January 7, 2009

MLK Library Shut to the Homeless

Marc Fisher and NBC Washington are both reporting that as of Feb. 1st, DC public libraries will no longer allow homeless residents to stay in the library during the day. As Fisher puts it:

D.C. libraries director Ginnie Cooper is courageously standing up against the advocates who fight for the homeless no matter what the impact of their behavior on other citizens. Cooper has announced new rules that, starting Feb. 1, will prohibit sleeping in the libraries or carrying more than two bags into any of the branches--rules obviously designed to discourage the homeless from camping out at tables where readers and researchers might want to work.

Yes. Beating up on a neglected section of the citizenry and the small troupe of advocates that attempt to help them takes Herculean courage. We have a lot of courageous people in this country.

Putting aside Fisher's juvenile rhetoric, we agree that a public library is not the ideal place for homeless residents to go. As former staff of a public library, I can say any person who comes into the library without the intent to research or learn is not using the resource for its intended purpose. I sympathize with the librarians who have the uncomfortable tasks of babysitter, hall monitor, and security guard to the swath of people who are shoved into libraries against their will (also including children and senior citizens). These are time-consuming tasks librarians have no formal training in that prevent them from doing the two things they're supposed to do: help patrons find materials and maintain the stacks.

But punishing homeless residents is absolutely wrong. Without providing any other solution or recourse, I wonder where the DC government expected people to go. What other space could homeless people use? DC has decided to close homeless shelters without a corresponding decrease in the homeless population. The remaining shelters push people out early in the morning despite inclement weather. DC has decided not to invest in day centers that would responsibly provide an alternative to libraries or park benches. DC has decided to continue to cut safety net services like housing that would also humanely get people off the streets (along with solving a number of other problems).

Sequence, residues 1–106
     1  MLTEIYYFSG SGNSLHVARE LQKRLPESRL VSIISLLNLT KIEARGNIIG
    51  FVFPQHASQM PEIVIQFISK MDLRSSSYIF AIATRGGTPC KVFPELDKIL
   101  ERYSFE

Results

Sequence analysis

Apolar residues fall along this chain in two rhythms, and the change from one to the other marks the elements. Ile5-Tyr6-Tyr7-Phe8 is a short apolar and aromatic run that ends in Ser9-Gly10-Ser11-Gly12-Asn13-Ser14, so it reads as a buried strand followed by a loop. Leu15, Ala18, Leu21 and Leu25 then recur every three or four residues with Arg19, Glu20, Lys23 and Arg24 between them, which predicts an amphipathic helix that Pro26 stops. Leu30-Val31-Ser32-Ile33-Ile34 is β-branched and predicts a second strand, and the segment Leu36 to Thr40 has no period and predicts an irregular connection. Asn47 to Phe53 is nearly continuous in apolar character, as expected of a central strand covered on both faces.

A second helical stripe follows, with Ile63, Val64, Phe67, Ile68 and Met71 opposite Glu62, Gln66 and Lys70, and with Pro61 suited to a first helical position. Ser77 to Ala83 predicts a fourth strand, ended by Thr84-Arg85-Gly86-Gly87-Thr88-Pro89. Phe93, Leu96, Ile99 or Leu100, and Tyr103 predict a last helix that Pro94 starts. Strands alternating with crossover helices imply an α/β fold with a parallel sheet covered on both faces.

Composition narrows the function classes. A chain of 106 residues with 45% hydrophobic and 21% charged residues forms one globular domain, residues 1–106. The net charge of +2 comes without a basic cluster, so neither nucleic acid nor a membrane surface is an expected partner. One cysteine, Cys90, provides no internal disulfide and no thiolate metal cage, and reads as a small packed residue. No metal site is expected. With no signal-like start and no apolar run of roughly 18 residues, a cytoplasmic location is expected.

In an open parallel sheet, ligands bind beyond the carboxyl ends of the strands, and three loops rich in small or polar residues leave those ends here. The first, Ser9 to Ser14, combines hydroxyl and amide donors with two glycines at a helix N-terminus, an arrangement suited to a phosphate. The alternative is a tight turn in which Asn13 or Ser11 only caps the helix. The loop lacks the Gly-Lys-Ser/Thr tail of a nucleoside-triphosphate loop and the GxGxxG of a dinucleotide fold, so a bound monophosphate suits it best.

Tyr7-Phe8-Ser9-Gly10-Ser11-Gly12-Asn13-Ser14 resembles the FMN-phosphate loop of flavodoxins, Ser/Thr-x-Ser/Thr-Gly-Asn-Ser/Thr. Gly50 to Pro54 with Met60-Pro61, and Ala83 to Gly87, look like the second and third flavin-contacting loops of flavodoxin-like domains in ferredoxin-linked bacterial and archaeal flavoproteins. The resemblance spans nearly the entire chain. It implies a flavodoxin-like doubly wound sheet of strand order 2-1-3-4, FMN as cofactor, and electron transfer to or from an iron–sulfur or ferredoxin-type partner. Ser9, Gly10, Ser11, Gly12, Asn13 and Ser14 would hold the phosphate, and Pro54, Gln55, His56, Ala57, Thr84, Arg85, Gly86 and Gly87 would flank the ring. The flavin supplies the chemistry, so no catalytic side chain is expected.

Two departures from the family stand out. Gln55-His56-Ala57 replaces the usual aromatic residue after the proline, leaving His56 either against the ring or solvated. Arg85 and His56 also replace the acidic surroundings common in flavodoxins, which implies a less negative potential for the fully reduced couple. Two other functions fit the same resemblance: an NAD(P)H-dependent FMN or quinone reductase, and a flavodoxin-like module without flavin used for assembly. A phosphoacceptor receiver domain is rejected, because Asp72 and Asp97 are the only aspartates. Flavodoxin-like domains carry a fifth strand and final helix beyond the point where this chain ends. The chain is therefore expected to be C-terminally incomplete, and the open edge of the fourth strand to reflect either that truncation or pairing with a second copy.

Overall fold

Instead of creating more obstacles for homeless people, and more arbitrary, incendiary rules to harass them, why not do the whole city a favor and fully fund the housing programs that have been set up and neglected? Blaming the homeless for using the library is like blaming a driver for using a broken parking meter. It makes no sense. The governing body that allows those situations to arise needs to be held responsible.


Delrica (pronounced del-REE-kuh) said...

Thank you for the blog, Matt! This is something I will definitely be following a bit more.

Greg Bloom said...

The DC government certainly needs to be more pro-active, responsive, and humane when it comes to homeless residents - that's something we've discussed at length on this blog. But when it fails to do that, we shouldn't fall back to the Library as a site on which to fight for human rights. Let's keep our issues straight here.

The library is responsible only to make sure that its services are accessible to all people. Here we library authorities are saying that the current situation, in which large numbers of people use the library as a shelter and not a library, compromises the ability for other people to use it as a library. Surely there is a balance to be found here - and it seems like Ms. Cooper might be overshooting it. But in order to defy Marc Fisher's claim that homeless advocates' arguments are short-sighted and destructive, we need to try to help identify the proper balance rather than protesting the very effort to find a balance in the first place.